Any cursory search of literature will find this term written as both bated and baited. The question becomes which is correct. (Now what Webster says is clearly known but where would be the blog post worthy rant in just following that old worthy blindly?) While baited breath might mean a peculiar method of hunting, bated breath is something of a curiosity. What does bated even mean?
Fortunately there is an answer known thanks to the old Bard himself. In "The Merchant of Venice" Shakespeare uses the turn of phrase in a particularly vicious sarcastic monologue and form context it becomes clear that bated is a shortened version of abated, which meant and still means 'to bring down, lower or depress' so basically to hold one's breath.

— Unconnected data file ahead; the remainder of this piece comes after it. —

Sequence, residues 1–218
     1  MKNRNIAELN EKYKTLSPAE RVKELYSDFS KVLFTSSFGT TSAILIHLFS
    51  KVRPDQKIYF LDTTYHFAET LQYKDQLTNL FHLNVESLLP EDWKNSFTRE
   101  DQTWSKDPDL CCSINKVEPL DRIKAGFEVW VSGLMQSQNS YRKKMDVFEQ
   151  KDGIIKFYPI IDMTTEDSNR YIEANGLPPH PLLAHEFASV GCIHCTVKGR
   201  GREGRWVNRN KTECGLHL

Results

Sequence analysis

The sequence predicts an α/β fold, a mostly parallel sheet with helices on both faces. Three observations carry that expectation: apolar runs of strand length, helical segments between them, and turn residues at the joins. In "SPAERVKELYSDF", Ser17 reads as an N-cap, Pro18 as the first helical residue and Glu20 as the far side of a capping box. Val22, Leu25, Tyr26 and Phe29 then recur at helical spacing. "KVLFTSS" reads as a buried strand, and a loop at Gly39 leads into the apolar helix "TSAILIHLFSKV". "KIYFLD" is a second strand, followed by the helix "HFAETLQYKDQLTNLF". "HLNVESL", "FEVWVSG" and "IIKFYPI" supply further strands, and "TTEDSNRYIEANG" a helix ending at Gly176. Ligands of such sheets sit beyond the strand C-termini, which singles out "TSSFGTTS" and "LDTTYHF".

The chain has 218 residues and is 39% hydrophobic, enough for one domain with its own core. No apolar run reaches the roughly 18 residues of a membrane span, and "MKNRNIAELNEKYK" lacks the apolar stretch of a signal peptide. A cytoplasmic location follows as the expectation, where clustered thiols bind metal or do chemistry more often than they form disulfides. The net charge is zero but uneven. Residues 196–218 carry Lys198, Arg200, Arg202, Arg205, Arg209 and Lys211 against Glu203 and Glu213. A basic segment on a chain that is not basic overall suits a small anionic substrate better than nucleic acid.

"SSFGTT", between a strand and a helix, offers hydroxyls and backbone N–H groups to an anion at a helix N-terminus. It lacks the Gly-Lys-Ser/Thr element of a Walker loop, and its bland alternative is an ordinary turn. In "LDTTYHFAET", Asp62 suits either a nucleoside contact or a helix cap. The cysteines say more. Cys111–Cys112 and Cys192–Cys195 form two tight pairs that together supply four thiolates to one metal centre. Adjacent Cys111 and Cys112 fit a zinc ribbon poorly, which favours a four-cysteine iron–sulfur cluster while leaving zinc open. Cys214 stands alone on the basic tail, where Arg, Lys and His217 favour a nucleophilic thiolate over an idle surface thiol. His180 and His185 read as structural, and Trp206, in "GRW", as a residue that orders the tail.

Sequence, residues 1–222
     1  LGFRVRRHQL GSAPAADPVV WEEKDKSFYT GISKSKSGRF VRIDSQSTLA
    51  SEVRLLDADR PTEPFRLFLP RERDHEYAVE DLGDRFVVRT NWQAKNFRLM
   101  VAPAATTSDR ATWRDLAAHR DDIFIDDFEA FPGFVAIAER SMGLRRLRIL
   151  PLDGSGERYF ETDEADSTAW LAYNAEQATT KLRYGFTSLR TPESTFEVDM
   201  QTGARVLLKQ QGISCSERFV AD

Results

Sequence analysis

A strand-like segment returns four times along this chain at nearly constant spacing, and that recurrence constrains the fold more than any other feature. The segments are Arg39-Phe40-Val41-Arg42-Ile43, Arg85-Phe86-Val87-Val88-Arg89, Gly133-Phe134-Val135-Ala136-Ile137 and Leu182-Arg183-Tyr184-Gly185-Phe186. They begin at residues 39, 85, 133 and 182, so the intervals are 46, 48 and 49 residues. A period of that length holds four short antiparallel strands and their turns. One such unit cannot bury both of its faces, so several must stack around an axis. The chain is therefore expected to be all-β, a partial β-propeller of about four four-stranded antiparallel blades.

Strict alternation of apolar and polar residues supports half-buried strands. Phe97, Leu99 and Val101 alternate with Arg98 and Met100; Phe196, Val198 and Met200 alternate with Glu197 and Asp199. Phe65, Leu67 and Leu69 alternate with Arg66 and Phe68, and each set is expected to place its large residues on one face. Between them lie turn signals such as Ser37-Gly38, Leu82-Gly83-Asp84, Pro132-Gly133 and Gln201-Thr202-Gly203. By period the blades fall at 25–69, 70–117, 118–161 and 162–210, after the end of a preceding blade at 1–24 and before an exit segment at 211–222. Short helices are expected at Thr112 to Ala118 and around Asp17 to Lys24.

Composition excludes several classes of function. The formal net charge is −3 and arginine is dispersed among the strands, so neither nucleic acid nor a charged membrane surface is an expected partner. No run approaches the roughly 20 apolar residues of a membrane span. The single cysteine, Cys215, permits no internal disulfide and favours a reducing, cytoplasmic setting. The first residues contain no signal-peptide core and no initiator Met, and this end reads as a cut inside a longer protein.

The issue was clouded a handful of centuries later when one lesser poet, Geoffery Taylor, wrote "Cruel, Clever Cat" and described the pernicious beastie waiting with cheese baited breath.
Now this author is prone to take the words of the Bard more seriously than an early twentieth century children's poet...except that it is quite common for barn cats to eat the seeds left out for songbirds....
As yet another old, dead author said, "Curiouser, and curiouser."